After spending lots of time looking into RDF and how we could use RDF as the data model for the new OxPoints system we finally decided to give it a try. One of the big problems we had with RDF was the difficulty of storing dimensional data as one of the key features of the new OxPoints system should be its ability to record the change of Oxford University over time. However, RDF does not really cope with change and we had to think about how to work around this. We presented a detailed description and two possible workarounds in previous posts:
Both solutions are somewhat similar as they try to add additional RDF statements to define the validity of other statements. Solution one was to use statement reification and to add temporal information on individual statements. The other way we saw was to use named graphs and use different graphs to group statements that talk about the same time span. In the end we decided to go with the second solution, as it seemed to be the cleaner and more efficient solution.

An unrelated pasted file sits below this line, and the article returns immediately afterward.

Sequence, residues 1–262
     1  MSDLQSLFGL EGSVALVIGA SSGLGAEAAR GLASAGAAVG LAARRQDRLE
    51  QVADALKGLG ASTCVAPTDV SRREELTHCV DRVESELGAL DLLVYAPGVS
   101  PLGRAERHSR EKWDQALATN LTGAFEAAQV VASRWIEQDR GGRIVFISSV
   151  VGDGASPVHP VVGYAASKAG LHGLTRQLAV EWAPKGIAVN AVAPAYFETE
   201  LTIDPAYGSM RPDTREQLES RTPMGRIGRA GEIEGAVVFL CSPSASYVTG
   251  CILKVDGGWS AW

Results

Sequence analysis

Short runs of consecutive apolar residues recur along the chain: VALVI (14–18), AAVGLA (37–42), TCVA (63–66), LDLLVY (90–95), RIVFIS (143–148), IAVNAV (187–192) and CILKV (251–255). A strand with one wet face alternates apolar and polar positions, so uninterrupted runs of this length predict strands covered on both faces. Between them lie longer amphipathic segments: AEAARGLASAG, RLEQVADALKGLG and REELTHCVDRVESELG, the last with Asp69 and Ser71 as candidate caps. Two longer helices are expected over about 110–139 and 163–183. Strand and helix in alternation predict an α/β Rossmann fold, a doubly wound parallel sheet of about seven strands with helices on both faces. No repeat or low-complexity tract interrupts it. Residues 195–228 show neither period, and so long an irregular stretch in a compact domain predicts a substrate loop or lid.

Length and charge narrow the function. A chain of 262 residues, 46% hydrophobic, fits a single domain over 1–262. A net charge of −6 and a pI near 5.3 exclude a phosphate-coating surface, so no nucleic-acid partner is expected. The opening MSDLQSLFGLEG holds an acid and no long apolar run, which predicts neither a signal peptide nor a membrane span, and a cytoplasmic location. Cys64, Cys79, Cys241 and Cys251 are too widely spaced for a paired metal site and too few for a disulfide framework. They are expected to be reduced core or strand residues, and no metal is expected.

As the platform for the new system we chose Java with Jena as the underlying RDF triple store.
We have spend the last weeks developing the prototype and so far the results are promising. The minimal requirements for the new system were to do everything the old system does, which was basically to allow for point queries (ask for a specific unit, or for a specific type) and to transform the results into KML.
Besides KML the new system offers transformations into JSON and RDF for any kind of resultset produced by the system and it is able to handle the temporal aspect of the data. In fact the new system is much more powerful and not specific to OxPoints at all. It is an RDF to Java object mapper (comparable to object relational mapping systems) and we are currently working on documentation and we are hoping to make more information available soon.
A first demo we produced, built upon the new OxPoints, is a Greasemonkey script that adds links to the OLIS (Oxford Libraries Information System) result pages, to display where a particular library is, using Google maps. The demo is not yet publically available but we are working hard on publishing this and more demos soon.